November 2012, after Shock won the election, Thompson
received a letter from newly elected Sheriff Shock notifying
him of his "non-selection" for employment in
January 2013. The letter outlined a grievance procedure
providing Thompson a predeprivation hearing to contest his
termination. Thompson requested the hearing, and during the
proceedings, Sheriff Shock testified that he chose not to
select Thompson because of his "lack of good work
ethic." The record reflects no discipline procedures or
negative performance evaluations regarding Thompson before he
received this letter of non-selection.
and three other non-selected employees brought this suit in
2013, alleging violations of their rights under the Arkansas
Political Freedom Act, the Arkansas Constitution, and the
First Amendment of the United States Constitution. The
district court granted summary judgment for Shock in his
individual and official capacities. The district court
analyzed the First Amendment claim under the formula set out
in Pickering v. Board of Education, 391 U.S. 563
(1968), and Connick v. Myers, 461 U.S. 138 (1983).
The district court determined that Thompson's claimed
First Amendment right was not clearly established under the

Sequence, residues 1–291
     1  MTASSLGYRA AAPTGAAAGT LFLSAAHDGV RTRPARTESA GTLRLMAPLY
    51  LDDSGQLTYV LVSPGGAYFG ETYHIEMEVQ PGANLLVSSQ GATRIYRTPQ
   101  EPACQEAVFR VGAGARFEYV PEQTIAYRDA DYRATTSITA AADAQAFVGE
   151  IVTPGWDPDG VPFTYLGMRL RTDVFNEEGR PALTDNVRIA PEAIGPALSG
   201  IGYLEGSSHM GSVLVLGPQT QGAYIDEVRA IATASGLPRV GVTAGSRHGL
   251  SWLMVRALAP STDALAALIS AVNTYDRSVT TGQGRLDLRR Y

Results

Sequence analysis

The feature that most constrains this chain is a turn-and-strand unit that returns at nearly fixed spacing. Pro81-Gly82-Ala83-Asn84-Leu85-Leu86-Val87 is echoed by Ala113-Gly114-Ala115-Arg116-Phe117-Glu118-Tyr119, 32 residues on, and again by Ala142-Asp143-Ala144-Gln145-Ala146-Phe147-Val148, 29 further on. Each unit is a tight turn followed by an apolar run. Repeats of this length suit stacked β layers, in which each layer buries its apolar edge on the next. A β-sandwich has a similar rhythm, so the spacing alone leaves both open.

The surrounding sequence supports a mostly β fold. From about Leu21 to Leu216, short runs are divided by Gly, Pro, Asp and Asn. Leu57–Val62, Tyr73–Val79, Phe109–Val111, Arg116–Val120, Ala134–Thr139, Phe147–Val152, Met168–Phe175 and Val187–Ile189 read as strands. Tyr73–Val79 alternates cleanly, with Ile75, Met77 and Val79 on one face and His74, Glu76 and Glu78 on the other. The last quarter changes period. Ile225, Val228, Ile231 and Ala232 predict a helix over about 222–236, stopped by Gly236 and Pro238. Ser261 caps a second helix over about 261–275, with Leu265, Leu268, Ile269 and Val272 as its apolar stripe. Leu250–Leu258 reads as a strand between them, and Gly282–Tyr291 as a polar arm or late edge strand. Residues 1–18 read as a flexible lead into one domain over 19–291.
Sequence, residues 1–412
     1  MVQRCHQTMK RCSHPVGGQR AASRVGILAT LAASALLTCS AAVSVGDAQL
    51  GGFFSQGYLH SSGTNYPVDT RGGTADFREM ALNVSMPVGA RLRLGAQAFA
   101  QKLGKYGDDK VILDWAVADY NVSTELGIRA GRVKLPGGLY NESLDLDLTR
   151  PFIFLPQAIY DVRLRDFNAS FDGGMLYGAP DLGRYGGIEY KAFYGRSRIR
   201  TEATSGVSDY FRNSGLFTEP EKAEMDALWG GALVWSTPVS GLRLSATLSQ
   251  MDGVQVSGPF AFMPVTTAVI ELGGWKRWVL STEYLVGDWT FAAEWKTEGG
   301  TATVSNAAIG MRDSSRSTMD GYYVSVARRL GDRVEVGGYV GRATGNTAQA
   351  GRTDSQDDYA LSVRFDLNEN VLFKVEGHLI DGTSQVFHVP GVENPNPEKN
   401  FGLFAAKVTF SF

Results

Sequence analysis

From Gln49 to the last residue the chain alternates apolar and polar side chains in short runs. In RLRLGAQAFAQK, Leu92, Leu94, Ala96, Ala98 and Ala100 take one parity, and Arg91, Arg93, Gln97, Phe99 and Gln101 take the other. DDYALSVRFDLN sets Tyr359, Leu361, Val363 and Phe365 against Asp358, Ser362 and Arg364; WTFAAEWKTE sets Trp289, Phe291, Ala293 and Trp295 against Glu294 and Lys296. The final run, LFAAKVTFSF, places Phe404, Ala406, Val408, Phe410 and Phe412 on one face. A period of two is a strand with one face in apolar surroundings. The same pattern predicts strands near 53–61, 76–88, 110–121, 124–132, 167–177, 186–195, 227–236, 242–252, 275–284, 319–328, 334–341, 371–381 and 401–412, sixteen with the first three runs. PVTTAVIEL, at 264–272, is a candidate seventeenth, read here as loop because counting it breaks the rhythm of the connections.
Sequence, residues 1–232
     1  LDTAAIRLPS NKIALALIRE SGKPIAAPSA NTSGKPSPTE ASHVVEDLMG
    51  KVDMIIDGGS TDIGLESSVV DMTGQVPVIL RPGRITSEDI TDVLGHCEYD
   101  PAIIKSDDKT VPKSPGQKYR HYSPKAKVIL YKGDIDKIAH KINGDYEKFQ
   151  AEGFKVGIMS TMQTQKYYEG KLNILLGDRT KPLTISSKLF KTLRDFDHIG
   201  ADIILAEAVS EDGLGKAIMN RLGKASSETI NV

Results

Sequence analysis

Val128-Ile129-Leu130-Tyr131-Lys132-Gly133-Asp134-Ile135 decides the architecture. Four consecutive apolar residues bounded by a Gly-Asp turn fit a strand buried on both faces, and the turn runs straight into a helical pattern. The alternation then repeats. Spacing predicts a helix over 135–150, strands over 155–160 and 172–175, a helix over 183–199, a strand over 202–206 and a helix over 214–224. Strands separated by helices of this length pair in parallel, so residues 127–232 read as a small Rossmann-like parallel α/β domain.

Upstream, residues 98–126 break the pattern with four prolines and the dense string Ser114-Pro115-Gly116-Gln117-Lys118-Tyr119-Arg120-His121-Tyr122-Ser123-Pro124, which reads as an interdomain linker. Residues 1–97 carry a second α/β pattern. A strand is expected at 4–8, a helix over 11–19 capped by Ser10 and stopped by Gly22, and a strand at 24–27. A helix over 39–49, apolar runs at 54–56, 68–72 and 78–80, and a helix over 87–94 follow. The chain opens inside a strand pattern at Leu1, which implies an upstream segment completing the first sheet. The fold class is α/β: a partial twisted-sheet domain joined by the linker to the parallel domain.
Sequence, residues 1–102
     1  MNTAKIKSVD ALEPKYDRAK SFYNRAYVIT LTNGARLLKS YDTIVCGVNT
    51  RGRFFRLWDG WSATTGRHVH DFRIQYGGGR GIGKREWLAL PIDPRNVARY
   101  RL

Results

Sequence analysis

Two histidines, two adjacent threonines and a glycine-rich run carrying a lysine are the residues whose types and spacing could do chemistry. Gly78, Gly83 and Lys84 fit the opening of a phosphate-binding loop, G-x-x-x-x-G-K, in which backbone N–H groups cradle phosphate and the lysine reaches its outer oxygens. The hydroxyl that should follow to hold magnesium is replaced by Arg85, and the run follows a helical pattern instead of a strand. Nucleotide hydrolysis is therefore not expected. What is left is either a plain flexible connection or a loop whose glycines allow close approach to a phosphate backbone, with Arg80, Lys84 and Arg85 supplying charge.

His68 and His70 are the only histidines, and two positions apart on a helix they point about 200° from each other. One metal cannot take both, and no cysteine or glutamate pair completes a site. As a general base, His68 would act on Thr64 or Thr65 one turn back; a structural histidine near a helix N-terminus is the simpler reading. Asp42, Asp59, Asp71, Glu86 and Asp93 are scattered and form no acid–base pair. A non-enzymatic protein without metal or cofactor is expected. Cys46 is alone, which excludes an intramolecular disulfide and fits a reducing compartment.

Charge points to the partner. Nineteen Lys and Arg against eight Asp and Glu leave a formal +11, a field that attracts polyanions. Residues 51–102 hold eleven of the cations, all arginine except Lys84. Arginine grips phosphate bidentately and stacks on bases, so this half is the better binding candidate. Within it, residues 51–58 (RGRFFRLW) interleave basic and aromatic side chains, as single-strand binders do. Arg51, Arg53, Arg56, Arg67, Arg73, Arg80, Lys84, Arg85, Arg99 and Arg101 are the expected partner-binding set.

Pickering-Connick test, granted qualified immunity
to Sheriff Shock in his individual capacity, and dismissed
without prejudice the related state-law claims. The district
court also dismissed Thompson's claims against Shock in
his official capacity because Thompson failed to prove that
Sheriff Shock was deliberately indifferent to his
constitutional rights. Thompson moved to alter or amend the
judgment, but the district court denied the motion. The court
did, however, revise its reasoning on the official-capacity
claim. The court shifted the basis for its decision to
Sheriff Shock's lack of final policymaking authority in
employment matters. Thompson appeals.
"We review grants of summary judgment de novo."
Atkinson v. City of Mountain View, Mo., 709 F.3d
1201, 1207 (8th Cir. 2013). In a § 1983 action, we will
reverse an award of summary judgment in favor of a public
official in his individual capacity only if a reasonable jury
could find his actions under the color of state law
"violated 'a right secured by the Constitution and
laws of the United States.'" Id. (quoting
Cook v. City of Bella Villa, 582 F.3d 840, 848 (8th